As we discussed in the Apr. 11, 2023, TVM Unity Open Development Meeting, one of the issues in the current Relax implementation is that the compiler at various points relies on a specific ordering of passes (phase ordering) without clearly advertising this fact. Some of this phase ordering exists for good engineering reasons, so the existence of these dependencies among passes is not itself an issue; rather, what we should address is the fact that many of these dependencies are subtle and are not documented.
Some examples of phase ordering:
ToNonDataflowpass to eliminate dataflow blocks, meaning that the low-level code generation passes do not have to deal with dataflow blocks.
VMShapeLowerhas a comment indicating that it does not deal with nested functions and expects
LambdaLiftingto be called first, though it is not included in the default
- The default VM code generator expects operators to be legalized, even though this is not included in the default
LegalizeOpspass cannot handle certain operators. For example,
invoke_closure, which may be introduced by
LambdaLifting, does not have a legalization, meaning that
LegalizeOpsshould be called before
LambdaLifting(this is not documented anywhere).
- Somewhat related: The
tensor_to_shapeoperator is lowered into a builtin by
DecomposeOpsForInferenceand not by
VMLowerBuiltin. This operator thus creates a hidden dependency on
DecomposeOpsForInference, which is not documented anywhere.
- Normally, we expect TIR functions to be called only via
call_tir(though this is not enforced in the compiler); however,
call_tiroperator calls into explicit tensor allocations and direct calls to the
PrimFuncs (it would be good to note which passes should expect to deal with such calls and which should not).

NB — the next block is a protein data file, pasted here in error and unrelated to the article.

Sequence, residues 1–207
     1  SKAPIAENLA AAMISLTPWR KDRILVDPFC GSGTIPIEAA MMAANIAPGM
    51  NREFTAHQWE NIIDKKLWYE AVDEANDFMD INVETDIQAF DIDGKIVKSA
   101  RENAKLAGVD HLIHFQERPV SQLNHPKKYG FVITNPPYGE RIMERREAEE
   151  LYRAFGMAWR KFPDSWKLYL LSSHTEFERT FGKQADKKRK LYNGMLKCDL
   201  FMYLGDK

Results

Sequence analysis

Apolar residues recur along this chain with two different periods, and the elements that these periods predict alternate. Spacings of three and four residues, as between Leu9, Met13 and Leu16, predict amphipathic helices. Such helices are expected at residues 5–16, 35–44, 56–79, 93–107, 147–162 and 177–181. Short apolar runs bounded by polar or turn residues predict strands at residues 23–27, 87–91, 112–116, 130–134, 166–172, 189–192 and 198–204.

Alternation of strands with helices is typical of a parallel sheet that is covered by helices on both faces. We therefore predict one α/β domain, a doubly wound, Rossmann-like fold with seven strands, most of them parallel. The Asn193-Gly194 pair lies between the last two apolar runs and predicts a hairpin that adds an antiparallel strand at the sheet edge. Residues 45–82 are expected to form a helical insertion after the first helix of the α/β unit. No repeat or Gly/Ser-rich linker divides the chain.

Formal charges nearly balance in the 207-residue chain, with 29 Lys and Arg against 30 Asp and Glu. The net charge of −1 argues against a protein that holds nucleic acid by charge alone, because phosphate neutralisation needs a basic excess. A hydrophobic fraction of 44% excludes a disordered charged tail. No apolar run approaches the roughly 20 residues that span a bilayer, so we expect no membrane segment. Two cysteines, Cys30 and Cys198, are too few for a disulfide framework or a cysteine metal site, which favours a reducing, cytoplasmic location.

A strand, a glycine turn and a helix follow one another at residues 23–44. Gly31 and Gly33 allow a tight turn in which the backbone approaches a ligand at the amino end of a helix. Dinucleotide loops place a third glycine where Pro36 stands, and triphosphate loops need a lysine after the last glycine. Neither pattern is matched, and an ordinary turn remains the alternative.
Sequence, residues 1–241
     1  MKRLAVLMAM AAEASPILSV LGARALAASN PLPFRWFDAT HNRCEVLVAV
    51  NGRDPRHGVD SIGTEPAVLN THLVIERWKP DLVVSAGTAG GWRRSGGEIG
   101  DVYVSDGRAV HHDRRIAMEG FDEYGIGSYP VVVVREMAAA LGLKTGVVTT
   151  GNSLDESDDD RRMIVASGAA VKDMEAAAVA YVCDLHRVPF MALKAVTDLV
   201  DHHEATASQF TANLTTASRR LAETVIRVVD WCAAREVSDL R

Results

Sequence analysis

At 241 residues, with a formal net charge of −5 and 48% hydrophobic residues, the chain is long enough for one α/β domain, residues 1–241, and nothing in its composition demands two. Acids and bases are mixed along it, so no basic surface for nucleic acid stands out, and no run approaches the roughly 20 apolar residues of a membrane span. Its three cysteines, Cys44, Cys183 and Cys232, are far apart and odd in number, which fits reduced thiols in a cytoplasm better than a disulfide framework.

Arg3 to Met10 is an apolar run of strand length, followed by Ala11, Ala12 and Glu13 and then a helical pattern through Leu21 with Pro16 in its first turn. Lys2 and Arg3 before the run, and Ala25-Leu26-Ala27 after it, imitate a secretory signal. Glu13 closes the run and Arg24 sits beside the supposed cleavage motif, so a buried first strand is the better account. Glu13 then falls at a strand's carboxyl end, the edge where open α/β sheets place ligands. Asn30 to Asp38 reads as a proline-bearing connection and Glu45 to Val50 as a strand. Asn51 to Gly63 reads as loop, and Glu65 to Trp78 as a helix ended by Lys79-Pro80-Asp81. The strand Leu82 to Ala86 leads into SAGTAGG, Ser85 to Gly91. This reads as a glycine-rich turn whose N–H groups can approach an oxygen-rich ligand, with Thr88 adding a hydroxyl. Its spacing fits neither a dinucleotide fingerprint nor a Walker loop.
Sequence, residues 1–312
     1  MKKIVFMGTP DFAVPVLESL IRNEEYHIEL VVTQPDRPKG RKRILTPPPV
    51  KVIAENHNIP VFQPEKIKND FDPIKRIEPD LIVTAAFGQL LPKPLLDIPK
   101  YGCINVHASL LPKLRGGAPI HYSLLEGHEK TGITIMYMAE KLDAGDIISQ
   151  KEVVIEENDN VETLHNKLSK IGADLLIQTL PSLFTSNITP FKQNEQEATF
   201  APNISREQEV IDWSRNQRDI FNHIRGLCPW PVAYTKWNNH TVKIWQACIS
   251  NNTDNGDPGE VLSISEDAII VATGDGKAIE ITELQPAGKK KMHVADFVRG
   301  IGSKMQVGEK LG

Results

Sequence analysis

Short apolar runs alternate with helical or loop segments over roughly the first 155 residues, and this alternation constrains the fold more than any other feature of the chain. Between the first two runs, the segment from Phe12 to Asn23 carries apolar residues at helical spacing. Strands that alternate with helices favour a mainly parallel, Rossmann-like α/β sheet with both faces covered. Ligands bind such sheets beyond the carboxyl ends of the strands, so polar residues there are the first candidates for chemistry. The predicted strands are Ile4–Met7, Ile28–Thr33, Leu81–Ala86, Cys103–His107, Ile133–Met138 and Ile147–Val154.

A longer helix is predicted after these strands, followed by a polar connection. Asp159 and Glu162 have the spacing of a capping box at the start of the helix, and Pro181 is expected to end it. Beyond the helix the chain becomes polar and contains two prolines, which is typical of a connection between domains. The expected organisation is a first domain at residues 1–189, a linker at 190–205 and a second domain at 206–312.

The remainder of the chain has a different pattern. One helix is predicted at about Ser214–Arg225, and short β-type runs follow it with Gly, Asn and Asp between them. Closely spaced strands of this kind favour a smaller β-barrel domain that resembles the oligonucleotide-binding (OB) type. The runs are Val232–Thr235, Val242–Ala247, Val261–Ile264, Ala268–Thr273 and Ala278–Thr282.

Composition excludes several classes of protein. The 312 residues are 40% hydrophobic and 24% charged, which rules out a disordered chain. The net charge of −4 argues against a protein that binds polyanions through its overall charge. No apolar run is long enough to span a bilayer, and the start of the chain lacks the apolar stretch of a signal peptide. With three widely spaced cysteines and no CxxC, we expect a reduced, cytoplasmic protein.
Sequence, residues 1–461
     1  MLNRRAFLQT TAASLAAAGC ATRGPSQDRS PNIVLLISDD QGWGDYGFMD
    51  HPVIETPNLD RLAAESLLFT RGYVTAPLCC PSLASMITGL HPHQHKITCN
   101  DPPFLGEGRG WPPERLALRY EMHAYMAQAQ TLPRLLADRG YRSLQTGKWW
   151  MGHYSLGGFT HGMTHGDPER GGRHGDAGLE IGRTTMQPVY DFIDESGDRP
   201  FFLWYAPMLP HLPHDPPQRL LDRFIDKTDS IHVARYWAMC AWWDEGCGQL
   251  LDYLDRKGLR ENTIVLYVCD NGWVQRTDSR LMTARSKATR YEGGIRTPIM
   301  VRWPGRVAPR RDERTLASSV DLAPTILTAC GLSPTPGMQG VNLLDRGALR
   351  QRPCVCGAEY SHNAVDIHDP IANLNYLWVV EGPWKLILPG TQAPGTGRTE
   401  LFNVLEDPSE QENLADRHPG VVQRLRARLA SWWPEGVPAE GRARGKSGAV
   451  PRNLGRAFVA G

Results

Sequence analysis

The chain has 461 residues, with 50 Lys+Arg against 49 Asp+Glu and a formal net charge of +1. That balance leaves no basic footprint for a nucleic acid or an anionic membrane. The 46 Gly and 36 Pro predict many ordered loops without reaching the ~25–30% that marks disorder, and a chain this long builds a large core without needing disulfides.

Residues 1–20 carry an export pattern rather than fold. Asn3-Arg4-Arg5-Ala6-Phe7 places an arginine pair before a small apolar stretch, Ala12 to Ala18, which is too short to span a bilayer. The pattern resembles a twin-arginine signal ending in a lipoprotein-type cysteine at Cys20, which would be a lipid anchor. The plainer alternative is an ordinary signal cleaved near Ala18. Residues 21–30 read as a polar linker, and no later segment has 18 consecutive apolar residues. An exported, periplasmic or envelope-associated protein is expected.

- Additionally, phase ordering has resulted in headaches in my purity tracking PR, as having to reason about purity makes it very difficult to deal with lower-level code generation (e.g., lowering operators to builtins). This problem was solved by stripping away the purity checks during the default
build(), but even that creates some issues in cases like using a BYOC custom code generator (see the
RunCodegenpass in that PR).
In the community meeting, we proposed certain measures that we can take to deal with this complexity:
- We should certainly document our expectations as far as pass ordering goes. We could write it out in some file, e.g., have a
src/relax/transform/README.mdto explain this.
- For a technical measure, @tqchen proposed using module attributes to indicate what “phase” of compilation the module is on and check that any passes invoked correspond to the correct phase. We could use the well-formedness checker to enforce invariants pertaining to the different phases.
- Another technical measure might be to use the
required_passesfield in the current Relax pass infrastructure (presently unused), though the attendees to the discussion were not in favor of having passes be automatically (and thus “silently”) run, which may surprise users. If we use this field to indicate dependencies, it should ideally be used to give warnings rather than run passes automatically.
To pursue any of these measures, however, we would have to agree on what phases we should have in compilation and which passes should act as transitions between these phases. At the meeting, we noted that at present there are two de facto phases: high-level transformations on a model and then low-level code generation (in
build()). However, we may want to have a finer division of stages (an example was brought up involving GPU code generation, where some options might apply. BYOC might also factor into this discussion, per the example that came up in the purity tracking PR). Additionally, we should decide on what dependencies are acceptable within a phase (should there be an enforced ordering? It might be reasonable to rely on it in